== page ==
Kids, it occurs to me that, since I’ve come back from my self-imposed blogging hiatus, I have not shared the details of my recent move. Seems like that would be an important topic to blog about, seeing as how I used the move as an excuse to put off my return to blogging. Even though, I’m pretty sure, I moved after I started blogging again…
I don’t know, I’ll have to check my calendar.
But does it really matter? It’s in the past. But… don’t all my personal stories take place in the past? Ugh… this is making my head hurt.
So I moved. I went from living in a little duplex on the outskirts of town to living in a little Green House on the outskirts of town.
Now, it’s likely that anyone who has ever moved before will tell you that moving is a pain in the butt. It’s true. I’ve moved dozens of times in my adult life and, every single time, it has been a pain in the butt.
For a long time, every time I moved, I got rid of things. That way, next time I inevitably have to move, I’ll have less to pack up and relocate. This time, I let my love of buying books that I will never have time to read get the better of me. So many boxes full of so many books. And boxes full of so many books are not exactly light. I should probably redact the statement that moving is a pain in the butt. It’s a pain in the back.
And I didn’t have to move far this time. Which is good, I suppose. It’s better than having to move across town or to a different town… or state. I hope I don’t have to do that again.
But as much as I could complain about moving, I really shouldn’t. Because I went from living in a place where I paid rent to living in a place where I don’t. And there is a lot that one can put up with when one is living somewhere for free.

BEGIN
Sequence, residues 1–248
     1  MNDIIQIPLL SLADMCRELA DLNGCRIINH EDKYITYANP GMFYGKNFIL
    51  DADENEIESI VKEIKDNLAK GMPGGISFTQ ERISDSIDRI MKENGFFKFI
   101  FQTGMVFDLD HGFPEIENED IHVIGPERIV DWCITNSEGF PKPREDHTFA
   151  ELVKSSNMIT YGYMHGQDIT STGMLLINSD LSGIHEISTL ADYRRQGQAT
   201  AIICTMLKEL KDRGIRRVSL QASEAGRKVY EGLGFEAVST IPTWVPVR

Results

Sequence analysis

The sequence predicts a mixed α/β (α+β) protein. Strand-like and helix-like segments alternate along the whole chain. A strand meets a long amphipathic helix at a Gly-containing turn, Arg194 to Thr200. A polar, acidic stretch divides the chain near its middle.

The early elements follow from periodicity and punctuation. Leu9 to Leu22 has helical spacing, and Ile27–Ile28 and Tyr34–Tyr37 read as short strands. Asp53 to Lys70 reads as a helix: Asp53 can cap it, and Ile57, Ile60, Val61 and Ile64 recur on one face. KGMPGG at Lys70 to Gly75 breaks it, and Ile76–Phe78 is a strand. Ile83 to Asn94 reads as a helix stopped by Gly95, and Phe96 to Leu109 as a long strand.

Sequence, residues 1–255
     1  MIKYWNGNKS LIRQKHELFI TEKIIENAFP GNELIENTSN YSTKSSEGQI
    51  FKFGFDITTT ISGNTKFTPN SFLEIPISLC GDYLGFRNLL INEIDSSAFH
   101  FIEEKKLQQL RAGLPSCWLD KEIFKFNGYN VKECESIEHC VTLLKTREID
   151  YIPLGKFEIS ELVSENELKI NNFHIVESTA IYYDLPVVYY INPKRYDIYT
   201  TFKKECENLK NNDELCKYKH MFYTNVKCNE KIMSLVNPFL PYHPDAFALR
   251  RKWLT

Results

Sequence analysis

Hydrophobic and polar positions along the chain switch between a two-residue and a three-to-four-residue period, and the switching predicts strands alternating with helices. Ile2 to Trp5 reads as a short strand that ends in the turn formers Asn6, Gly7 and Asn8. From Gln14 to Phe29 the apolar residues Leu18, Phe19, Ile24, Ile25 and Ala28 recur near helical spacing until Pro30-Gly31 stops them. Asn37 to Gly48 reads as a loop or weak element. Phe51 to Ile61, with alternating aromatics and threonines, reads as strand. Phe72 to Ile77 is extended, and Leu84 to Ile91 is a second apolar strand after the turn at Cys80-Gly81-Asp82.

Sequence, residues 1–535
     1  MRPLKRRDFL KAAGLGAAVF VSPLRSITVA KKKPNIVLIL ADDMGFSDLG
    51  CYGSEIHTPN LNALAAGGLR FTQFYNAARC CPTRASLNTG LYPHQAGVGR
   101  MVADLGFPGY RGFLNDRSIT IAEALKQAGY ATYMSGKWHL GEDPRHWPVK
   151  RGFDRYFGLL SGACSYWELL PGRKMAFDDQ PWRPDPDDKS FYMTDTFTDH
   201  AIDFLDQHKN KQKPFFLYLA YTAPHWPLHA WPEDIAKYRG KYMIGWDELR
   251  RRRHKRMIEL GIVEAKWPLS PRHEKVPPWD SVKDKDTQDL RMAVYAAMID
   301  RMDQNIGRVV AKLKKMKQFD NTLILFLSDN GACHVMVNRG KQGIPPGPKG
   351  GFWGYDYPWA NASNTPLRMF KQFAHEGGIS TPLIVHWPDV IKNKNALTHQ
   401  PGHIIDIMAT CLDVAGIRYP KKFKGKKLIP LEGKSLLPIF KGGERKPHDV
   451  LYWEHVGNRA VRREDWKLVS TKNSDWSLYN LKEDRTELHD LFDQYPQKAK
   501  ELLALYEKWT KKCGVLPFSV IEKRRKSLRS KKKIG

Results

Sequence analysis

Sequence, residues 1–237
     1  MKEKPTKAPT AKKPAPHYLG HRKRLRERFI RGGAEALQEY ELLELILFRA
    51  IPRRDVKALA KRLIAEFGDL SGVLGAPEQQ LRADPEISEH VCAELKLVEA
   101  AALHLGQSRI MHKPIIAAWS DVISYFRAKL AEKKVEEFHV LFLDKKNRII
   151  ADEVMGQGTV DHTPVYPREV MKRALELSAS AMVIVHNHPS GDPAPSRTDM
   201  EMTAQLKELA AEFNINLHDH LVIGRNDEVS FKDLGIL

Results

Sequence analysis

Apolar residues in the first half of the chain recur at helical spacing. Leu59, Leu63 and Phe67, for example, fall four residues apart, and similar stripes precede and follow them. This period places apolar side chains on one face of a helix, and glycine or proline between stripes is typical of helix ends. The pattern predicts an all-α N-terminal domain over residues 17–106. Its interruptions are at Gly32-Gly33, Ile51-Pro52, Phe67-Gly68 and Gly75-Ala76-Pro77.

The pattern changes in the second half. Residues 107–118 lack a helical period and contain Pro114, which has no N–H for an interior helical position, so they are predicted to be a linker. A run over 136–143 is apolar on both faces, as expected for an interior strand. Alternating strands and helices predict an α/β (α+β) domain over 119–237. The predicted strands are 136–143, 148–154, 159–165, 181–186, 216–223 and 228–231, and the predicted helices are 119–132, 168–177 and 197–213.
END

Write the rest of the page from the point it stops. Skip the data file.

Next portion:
I feel an explanation is in order. Because many of you are probably thinking that I’ve hit the jackpot and wondering how this no rent situation came to be. To help you understand this, we look to the past…
A few years ago, the church I work for began the process of looking for land on which we can build our own building. See, since 2003, Northstar Church has met in the local middle school. That’s a long time. After all this time, we’ve reached a point where we believe that God is leading us to have our own place. As one who has worked with the set up/tear down team week after week for several years, I can go on and on about how great it will be to have our own, permanent location.
The church found a 10-acre plot of land. On the front corner of that land, right next to the road, is a little Green House. I’d passed by it many times before we purchased the land and, therefore, the house. Every time I noticed it, I thought, Man, that place has GOT to be condemned. And then we owned it. And our youth minister moved in. Along with another friend on staff. And another guy from the church.
That’s right, this little green house, that looked, from the outside, like it should be condemned, was now home to three people.
A couple years have gone by. One of those guys moved away. One of those guys got married. And the other is about to start a whirlwind adventure overseas. And since it looked like I needed a new place to live, the little Green House was offered to me.
Here’s the deal: since I’m on staff with the church, they’re graciously allowing me to live here rent-free. That’s the offer that was given to previous staff members who lived here. Non-staff tenants pay a minimal monthly rent. And there are two other guys from the church here with me, but they’re not on staff. The way it was explained to me is this: the Green House is meant to be a blessing for staff in need. And, a blessing it is.
You may be asking what it’s like on the inside. After all, I wasn’t exactly giving the place a glowing recommendation based on its outward appearance. You’ll recall I said it looked like it should be condemned. The inside isn’t a whole lot better…